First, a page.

If you got lost on the way to the venue, you should be able to tell when you’re nearing a BROCKHAMPTON concert in Washington, D.C. You start seeing fewer suits and slacks — and more tie-dye, cuffed jeans and obscure crewneck sweaters, as well as Vans in every color imaginable. You’d feel the energy among the crowd that precedes any concert.
But there’s a special sense of creativity and self-expression among this particular group. In that sense, BROCKHAMPTON’s show at The Anthem mirrored their audience — strong energy and a high dose of self-expression.
At 9:30 p.m at The Anthem on Monday, the instrumental to “ST. PERCY,” from the group’s most recent album GINGER, started. And one by one, the members of the band walked on stage to rounds of applause and shouting, as if they were being introduced as the starting lineup in a basketball game. Though a fourteen-man team, BROCKHAMPTON featured just six of their group for the on-stage performance aspect: Kevin Abstract, Matt Champion, Merlyn Wood, Dom McLennon, JOBA and Bearface.
BROCKHAMPTON often calls themselves the world’s best boy band, in what seems like a jokey commentary on male-dominated groups. But they actually felt like a boy band on Monday night — one of the best in the world at that. They felt rehearsed in a way that rap groups rarely do, with choreographed dancing and timed cues, while still maintaining what felt like a genuine performance.
The matching outfits certainly got that point across, too. The six on-stage members donned florescent orange overalls that were part-prison-jumpsuit and part-painting-smock. The color was perfect, glowing when the futuristic stage design changed colors rapidly.
A BROCKHAMPTON show wouldn’t be a BROCKHAMTPON show without some rigorous moshing — and songs like “ZIPPER” and “DISTRICT” certainly lend themselves to running full speed into other humans. But a BROCKHAMPTON show wouldn’t be a BROCKHAMPTON show if there wasn’t care involved — it’s a mosh pit with love.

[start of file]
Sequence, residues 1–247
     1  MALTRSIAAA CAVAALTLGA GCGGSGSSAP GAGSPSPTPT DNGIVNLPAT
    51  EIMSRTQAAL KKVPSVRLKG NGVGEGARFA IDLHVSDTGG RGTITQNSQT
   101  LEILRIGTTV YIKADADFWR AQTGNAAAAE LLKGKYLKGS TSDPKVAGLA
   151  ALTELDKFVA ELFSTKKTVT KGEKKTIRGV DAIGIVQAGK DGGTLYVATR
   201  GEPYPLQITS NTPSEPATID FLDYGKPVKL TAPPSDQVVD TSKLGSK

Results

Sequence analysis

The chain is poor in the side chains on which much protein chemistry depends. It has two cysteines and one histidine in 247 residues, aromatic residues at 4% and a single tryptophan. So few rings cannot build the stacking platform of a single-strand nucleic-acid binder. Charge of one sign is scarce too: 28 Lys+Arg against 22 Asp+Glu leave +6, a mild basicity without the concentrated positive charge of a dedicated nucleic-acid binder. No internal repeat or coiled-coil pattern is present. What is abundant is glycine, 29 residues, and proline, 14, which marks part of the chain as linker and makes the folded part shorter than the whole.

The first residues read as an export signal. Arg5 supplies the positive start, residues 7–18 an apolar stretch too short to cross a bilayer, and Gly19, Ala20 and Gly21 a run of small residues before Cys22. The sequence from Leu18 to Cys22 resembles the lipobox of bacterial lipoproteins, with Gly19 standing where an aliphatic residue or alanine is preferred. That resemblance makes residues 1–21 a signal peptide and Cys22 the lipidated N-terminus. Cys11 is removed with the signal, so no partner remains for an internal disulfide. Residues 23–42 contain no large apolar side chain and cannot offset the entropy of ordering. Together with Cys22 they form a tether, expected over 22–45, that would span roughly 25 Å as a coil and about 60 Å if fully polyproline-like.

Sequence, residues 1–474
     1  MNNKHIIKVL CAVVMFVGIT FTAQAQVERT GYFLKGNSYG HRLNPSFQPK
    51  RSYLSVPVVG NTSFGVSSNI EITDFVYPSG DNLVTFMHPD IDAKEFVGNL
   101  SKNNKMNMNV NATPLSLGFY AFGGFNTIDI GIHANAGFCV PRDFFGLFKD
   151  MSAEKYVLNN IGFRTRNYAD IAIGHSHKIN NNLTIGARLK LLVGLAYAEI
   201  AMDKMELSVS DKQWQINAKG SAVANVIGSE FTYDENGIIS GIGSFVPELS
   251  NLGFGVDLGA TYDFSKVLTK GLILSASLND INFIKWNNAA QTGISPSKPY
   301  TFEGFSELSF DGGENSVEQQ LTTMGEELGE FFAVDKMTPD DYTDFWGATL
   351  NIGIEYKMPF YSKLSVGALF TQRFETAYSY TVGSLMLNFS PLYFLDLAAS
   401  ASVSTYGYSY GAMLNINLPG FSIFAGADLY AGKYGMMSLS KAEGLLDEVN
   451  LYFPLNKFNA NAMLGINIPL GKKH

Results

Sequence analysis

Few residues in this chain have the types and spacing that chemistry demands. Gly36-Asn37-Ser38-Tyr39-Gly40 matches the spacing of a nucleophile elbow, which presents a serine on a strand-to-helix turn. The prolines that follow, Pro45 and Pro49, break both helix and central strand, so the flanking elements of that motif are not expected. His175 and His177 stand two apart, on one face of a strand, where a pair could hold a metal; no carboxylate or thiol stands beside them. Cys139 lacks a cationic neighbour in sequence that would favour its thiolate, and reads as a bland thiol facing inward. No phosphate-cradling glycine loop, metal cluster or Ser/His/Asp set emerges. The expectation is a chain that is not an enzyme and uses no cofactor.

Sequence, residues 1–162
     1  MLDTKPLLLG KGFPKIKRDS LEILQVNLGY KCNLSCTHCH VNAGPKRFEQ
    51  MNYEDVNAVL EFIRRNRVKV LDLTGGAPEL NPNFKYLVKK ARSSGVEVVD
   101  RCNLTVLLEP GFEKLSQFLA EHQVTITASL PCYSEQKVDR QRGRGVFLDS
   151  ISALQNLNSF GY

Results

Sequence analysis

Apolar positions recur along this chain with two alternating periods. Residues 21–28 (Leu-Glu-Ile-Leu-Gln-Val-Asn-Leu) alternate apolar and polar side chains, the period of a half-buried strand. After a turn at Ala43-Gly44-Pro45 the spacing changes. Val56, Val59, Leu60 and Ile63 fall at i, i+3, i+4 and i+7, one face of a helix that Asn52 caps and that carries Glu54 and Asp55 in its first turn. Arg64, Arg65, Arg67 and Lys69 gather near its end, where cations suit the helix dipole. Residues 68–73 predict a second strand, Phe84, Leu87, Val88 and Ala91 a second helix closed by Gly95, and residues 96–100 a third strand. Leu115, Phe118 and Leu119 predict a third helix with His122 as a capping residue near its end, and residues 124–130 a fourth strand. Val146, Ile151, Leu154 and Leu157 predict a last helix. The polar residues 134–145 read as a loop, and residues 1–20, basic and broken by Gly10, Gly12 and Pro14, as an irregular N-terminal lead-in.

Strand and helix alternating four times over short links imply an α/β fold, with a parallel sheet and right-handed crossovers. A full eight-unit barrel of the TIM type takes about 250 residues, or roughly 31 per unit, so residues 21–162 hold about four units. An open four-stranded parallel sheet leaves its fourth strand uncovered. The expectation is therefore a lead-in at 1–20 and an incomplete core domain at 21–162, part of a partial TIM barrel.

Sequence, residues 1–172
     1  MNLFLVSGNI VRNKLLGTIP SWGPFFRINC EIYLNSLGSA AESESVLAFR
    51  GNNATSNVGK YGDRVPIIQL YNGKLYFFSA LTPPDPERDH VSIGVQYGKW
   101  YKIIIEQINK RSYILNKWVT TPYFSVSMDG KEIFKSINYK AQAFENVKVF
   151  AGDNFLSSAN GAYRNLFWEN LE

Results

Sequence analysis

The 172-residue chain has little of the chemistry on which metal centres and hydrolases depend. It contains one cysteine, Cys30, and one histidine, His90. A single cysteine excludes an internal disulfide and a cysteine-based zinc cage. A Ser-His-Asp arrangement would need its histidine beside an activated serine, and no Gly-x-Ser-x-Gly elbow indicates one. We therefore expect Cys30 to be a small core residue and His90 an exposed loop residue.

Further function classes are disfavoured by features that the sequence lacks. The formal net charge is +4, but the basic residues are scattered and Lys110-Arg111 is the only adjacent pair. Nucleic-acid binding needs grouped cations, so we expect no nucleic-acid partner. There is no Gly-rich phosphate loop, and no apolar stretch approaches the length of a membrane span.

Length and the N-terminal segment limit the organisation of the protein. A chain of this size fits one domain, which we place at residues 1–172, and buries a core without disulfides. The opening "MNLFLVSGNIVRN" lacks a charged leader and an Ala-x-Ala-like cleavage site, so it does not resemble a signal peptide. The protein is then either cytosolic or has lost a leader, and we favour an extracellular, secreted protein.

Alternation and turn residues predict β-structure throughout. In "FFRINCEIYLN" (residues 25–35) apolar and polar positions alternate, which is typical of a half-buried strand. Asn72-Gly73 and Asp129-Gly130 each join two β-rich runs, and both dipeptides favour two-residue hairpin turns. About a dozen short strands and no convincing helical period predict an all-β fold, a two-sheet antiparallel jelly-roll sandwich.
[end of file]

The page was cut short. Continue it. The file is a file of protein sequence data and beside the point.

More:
Instead of doing the typical, “How’s everybody doing out there tonight?” during breaks, Kevin Abstract repeatedly called out “Is everyone ok? Is everyone ok?” and I felt like he really wanted to know.
Perhaps this sense of looking-out comes from a lack of difference between the band and their fans — like most of the people at the show, the members are all in their twenties. When they invited four fans on stage to hang out on a red sofa and dance with them while they performed “QUEER”, it really felt like you were getting an insight into a goofy friend group.
They ended the show with “NO HALO,” a fitting track given that the name of the tour is “Heaven Belongs To You.” The song is about imperfection — maybe even not being worth an invitation to heaven — and is summed perfectly up by Merlyn’s line, “Do I matter? I’m ecstatic, I’m depressed/ More like God’s special mess, never had no halo.”
BROCKHAMPTON doesn’t want a halo and they don’t want your approval either. It’s so easy to want to put people or groups into categories and label them. This is a rap group, this is a pop group, he’s gay, he’s straight, they make bangers, they make slow songs. If you go to a BROCKHAMTPON show you’ll see them display the same thing their fans display in their clothing — unafraid authenticity.